The Equity Project (TEP) Charter School, a 480-student middle school in the Washington Heights neighborhood of New York City that will open in September 2009, aims to put into practice the central conclusion of a large body of research related to student achievement: teacher quality is the most important school-based factor in the academic success of students, particularly those from low-income families. [i] In singling out teacher quality as the essential lever in educational reform, TEP is uniquely focused on attracting and retaining master teachers. To do so, TEP uses a three-pronged strategy that it terms the 3 R’s: Rigorous Qualifications, Redefined Expectations, & Revolutionary Compensation.
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Like the Harlem Children’s Zone, The Equity Project looks to be promising. Regardless of its success, I’m thrilled that more people are experimenting with education in our country, and attempting to be highly innovative with their efforts and strategy. If I may be so bold, OUR KIDS ARE WORTH IT.
A few things I like.
1. The focus on excellent teachers. It is imperative that we continually think of “human resources” as the most central factor in any endeavor. This kind of focus also seems to tap in a bit to the once practiced “apprenticeship,” model which was focused on master teachers passing on their expertise to their pupils.
2. The focus on reallocating of funds. I like how their objective (whether they attain it or not) is not just on raising money, but doing better with the money that already exists. This forces the necessary creativity needed to be innovative, and it is frugal to boot.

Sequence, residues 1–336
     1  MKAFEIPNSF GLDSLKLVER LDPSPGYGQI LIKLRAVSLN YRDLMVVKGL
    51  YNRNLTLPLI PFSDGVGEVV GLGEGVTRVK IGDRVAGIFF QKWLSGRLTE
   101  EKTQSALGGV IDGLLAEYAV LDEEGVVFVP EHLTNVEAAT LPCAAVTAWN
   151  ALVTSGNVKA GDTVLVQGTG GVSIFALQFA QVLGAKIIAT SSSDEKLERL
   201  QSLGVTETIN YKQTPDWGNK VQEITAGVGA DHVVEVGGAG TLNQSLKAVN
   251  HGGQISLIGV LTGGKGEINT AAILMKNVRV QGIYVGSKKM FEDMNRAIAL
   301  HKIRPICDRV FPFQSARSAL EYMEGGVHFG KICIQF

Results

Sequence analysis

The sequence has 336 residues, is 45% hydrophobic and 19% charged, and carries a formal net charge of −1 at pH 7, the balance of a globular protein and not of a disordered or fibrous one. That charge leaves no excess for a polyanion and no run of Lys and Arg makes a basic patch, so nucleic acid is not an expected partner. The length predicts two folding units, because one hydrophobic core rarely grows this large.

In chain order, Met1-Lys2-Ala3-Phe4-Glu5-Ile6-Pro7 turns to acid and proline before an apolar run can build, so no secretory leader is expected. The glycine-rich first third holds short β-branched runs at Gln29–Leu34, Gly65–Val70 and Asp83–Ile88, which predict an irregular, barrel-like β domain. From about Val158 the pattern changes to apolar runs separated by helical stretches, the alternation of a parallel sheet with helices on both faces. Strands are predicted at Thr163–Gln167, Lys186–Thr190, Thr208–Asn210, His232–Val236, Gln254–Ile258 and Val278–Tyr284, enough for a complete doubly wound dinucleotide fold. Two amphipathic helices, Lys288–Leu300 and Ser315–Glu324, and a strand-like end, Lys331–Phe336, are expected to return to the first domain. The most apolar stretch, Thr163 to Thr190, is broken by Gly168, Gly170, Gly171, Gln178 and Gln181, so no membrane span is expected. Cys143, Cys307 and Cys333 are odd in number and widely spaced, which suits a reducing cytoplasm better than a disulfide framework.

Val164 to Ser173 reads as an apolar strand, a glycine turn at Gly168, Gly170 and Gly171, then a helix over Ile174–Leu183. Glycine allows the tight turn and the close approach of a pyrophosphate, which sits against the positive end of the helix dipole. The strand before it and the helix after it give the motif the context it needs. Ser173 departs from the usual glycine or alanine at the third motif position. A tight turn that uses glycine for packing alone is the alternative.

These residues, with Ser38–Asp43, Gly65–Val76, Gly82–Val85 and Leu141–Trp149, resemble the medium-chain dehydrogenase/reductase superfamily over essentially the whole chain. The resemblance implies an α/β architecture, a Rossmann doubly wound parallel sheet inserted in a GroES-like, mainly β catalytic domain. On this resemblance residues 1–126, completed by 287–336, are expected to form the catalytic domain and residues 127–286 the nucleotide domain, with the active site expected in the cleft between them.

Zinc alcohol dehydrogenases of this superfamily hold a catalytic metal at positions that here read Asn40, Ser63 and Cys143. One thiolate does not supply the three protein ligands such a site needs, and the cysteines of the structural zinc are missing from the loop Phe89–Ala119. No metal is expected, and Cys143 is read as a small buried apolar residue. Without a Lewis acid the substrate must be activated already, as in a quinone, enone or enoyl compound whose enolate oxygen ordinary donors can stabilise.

3. The focus on language development. According to their website, “(2) TEP’s educational program strongly emphasizes language development.” (cf. Latin & Music) America’s lack of linguistic development, if continued, will eventually leave us behind in our ever-increasingly “flat” and inter-connected world.
A few questions.
1. How sustainable is this? The problem with such a high starting salary is that you reach the ceiling much quicker. Also, given the economy, would resources continue to be allocated towards endeavors such as this without a significant shift in our thinking (meaning values) regarding education, and specifically of the very young?
2. How scalable is this? Sure, pluck the best of the best, pay them lots of money, put them in one place and ‘boom,’ you’ve got a high class educational institution (or at least we’ll see if that’s what we get). But what about the institutions they left? How are they going to reach their maximum potential?
3. Is 5th grade perhaps a bit late? Given what many developmental psychologists will tell you, we may be missing a critical stage between ages 3 and 5?
[i] Dan Goldhaber and Emily Anthony, “Teacher Quality and Student Achievement,” ERIC Clearinghouse on Urban Education, Urban Diversity Series No. 115, May 2003: 1